KRISTOF: Yeah, I think so. Frankly, one of the things that I worry about is that progressives, while justifiably concerned about anti—about Islamophobia, or about anti-immigrant xenophobia—that then they turn and become kind of anti-working class, and denounce working-class Americans who are concerned about immigrants. There’s been a lot of academic research on the impact of immigration on the U.S., and I’d say there’s some disagreement, but in general I think the consensus is that immigration as a whole has benefited the U.S. and has certainly benefited more affluent Americans.

If you were a high-school dropout, though, you may well have been hurt by immigration, and you were now competing against a lot of folks who depress wages for the bottom tier. Since 1980, the incomes for people who only have a high-school degree or who don’t have a high-school degree have stayed steady, and their assets have actually gone down, and their life expectancy is going down.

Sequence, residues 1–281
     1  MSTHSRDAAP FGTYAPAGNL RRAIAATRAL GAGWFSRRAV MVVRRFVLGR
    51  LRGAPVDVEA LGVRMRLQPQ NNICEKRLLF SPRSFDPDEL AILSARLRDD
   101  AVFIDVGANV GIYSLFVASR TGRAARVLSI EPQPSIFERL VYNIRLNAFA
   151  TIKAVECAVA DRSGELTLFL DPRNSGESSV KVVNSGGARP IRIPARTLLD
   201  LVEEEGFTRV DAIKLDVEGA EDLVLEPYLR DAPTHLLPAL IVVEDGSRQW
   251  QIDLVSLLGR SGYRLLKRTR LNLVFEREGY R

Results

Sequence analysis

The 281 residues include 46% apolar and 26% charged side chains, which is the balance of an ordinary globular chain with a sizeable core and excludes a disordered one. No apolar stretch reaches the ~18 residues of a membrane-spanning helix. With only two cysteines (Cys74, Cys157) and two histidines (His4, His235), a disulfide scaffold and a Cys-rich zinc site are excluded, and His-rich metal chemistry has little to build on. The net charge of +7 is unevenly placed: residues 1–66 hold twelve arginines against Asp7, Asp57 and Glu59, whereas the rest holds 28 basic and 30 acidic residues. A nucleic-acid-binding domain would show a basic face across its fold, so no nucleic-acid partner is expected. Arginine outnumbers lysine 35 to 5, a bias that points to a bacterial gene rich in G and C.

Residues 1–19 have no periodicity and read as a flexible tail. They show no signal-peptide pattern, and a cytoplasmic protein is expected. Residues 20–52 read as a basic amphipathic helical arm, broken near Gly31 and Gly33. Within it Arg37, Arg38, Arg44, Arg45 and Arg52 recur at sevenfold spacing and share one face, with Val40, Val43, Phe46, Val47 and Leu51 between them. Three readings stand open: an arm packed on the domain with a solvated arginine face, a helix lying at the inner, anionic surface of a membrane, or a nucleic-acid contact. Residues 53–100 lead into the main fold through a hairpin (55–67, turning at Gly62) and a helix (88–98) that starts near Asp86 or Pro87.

This is a pretty desperate group—the white working-class Americans, especially men—and I think immigration may well be a factor in this. I don’t think the solution is to bar immigration, bar refugees, and I don’t think it’s to demonize immigrants, but I think it is fair to wonder how the gains to immigration can be more thoroughly shared, and affluent Americans benefit enormously by having cheaper people to look after their kids, and to help with various labor tasks around their home. Working-class Americans have not benefited, and I’m troubled sometimes that the progressive impulse, especially after President Trump’s election, has been to pivot and denounce some people who have been pretty marginalized within this country.

FLAHERTY: You grew up in an area where these sort of issues affected people. You grew up on a farm. A cherry farm, timber farm, sheep farm?

KRISTOF: Yeah, cherry, and sheep, and timber, yeah.

FLAHERTY: To go back to your father, how did a boy who grew up on a farm like that come to be a foreign correspondent, and was he an influence on why you wanted to go out and see the world and report on the world?